FSA members met on Saturday 23rd March at Spitalfields City Farm, London, between 1pm and 2pm for the annual general meeting. 7 directors attended and 1 other FSA member attended in addition to FSA staff.
Lily Horseman (Chair) presented the annual report and Jon Cree (treasurer) presented the annual accounts. The board responded to questions from the floor. Proxy questions had been invited from FSA members but none had been submitted.
Members in attendance at the AGM, who had not already voted, had the opportunity to do so before the results of the election were calculated and reported.
36 eligible members voted in the election for new directors. All candidates received greater than 50% of the vote and were duly election on to the board.
|Candidate Name||Total Votes||Percentage of the vote|
Number of eligible voters = 1272
Number of voters = 36
Election turnout = 2.8% (1.9% in 2018, 8.2% in 2016, 9.5% in 2015, 9% in 2014, 12% in 2013)
Election turnout was again reduced compared to previous years. The same voting format has been employed for the last two years (previously the AGM was held during the national conference, which boosted the number of voters in attendance). The fact that there were fewer candidates than there were vacant positions on the board, and that the candidates were all incumbents, may have also influenced members’ motivation to vote.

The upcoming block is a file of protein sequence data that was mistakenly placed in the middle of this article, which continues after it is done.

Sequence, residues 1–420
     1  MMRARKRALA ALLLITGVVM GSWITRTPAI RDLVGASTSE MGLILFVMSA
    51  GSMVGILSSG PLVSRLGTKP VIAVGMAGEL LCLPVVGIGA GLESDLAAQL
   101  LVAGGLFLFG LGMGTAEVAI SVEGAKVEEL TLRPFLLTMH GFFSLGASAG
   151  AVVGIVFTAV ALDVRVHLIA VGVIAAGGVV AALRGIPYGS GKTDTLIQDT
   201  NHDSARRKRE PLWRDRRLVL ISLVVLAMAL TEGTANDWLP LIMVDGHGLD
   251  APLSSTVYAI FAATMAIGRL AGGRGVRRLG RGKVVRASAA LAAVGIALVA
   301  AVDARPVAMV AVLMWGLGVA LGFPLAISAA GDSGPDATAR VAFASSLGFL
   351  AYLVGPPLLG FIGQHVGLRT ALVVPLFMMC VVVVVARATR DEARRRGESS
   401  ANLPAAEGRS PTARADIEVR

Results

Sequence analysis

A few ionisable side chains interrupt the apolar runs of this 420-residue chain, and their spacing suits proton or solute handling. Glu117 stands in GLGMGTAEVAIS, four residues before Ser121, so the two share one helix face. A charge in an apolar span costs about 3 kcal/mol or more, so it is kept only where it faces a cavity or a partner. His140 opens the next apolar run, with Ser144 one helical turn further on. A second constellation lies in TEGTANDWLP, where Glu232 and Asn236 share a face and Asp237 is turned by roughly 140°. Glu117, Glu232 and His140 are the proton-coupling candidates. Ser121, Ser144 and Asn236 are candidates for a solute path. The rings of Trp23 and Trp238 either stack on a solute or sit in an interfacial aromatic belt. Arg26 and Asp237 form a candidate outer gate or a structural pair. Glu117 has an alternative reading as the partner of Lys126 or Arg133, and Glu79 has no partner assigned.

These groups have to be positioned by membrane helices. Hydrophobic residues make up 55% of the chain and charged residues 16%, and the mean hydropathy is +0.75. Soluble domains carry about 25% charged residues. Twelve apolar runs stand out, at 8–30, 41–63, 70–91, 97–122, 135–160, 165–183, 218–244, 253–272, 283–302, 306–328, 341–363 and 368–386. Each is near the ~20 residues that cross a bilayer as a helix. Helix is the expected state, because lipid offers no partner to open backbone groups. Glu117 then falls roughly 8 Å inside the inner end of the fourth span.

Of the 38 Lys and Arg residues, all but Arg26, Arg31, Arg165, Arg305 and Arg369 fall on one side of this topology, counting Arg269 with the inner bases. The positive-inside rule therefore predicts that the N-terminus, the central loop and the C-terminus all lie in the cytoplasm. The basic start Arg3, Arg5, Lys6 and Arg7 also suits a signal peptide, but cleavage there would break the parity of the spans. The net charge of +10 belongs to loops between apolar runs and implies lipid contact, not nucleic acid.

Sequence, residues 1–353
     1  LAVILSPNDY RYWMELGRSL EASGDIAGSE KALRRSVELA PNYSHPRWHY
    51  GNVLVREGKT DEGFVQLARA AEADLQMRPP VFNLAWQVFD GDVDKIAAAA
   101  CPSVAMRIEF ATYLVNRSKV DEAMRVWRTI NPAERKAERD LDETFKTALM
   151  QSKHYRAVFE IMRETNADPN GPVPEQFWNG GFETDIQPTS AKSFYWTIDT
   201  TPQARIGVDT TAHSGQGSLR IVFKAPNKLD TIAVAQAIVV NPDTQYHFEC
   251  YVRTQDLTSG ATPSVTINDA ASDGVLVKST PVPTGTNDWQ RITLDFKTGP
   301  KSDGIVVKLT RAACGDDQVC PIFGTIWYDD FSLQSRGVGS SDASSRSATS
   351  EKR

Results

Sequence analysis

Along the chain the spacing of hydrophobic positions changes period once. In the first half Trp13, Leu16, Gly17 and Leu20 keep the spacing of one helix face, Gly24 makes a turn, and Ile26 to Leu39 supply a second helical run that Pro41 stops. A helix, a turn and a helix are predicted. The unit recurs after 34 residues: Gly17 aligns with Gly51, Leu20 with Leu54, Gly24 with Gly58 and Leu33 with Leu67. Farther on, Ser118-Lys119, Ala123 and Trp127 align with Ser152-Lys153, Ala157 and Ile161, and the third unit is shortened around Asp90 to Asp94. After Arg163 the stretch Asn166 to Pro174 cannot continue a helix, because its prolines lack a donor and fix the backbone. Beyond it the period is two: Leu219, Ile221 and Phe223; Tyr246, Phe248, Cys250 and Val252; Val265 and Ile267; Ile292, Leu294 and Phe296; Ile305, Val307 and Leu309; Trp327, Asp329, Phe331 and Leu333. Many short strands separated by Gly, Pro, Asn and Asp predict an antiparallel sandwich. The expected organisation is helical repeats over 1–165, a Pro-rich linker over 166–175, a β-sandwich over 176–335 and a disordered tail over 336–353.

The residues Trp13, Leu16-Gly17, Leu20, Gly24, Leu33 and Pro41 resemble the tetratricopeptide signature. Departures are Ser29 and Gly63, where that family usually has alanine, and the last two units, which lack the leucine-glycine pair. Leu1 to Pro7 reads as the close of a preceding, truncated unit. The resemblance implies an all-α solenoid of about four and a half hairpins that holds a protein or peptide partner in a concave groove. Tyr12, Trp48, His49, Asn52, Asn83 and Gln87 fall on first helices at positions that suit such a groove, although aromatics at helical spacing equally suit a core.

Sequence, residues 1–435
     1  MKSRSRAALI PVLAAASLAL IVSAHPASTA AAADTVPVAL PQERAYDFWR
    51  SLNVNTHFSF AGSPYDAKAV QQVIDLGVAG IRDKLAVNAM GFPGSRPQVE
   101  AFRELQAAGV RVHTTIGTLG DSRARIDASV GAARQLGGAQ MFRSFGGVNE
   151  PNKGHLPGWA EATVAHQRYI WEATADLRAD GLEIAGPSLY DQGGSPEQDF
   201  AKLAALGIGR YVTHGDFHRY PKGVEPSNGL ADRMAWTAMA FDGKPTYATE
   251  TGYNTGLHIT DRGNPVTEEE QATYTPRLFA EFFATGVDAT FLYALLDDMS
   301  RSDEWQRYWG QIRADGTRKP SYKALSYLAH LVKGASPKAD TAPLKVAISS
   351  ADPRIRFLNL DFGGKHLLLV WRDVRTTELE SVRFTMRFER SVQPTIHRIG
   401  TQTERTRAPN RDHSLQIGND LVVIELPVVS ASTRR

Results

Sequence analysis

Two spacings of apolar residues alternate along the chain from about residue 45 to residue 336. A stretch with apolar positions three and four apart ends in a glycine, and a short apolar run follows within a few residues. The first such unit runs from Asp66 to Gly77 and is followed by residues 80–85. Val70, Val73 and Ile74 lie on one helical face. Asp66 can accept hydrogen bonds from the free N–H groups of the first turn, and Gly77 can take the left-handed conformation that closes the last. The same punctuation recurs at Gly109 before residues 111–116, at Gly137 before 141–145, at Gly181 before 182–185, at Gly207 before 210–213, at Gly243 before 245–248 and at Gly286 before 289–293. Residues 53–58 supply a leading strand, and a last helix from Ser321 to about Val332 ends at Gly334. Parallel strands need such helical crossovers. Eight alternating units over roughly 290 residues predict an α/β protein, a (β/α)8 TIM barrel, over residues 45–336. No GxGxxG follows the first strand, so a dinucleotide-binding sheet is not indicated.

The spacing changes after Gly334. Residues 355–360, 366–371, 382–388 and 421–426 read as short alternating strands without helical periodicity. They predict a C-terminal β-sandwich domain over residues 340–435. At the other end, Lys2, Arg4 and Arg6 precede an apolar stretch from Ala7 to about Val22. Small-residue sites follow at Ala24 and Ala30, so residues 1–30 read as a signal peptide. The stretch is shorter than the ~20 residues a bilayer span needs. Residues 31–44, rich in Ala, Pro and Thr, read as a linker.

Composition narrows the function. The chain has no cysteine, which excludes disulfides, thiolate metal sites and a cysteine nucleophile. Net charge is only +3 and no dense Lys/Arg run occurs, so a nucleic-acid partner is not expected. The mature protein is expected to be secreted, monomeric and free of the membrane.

There are pros and cons to combining the AGM with the national conference. Doing so gives more members the chance to vote in person and to ask the board questions face to face but it also creates a huge peak in workload for the organisation. Holding the AGM at a mid point in the year allows the board to meet face to face for a strategy/board meeting and gives members an additional opportunity to meet or ask questions of the board (either in person or via email). The down side is that, it seems, fewer members are willing to engage with a stand alone AGM and electronic vote. Having a formal spot during the conference for members to talk to the FSA board seems like a good compromise.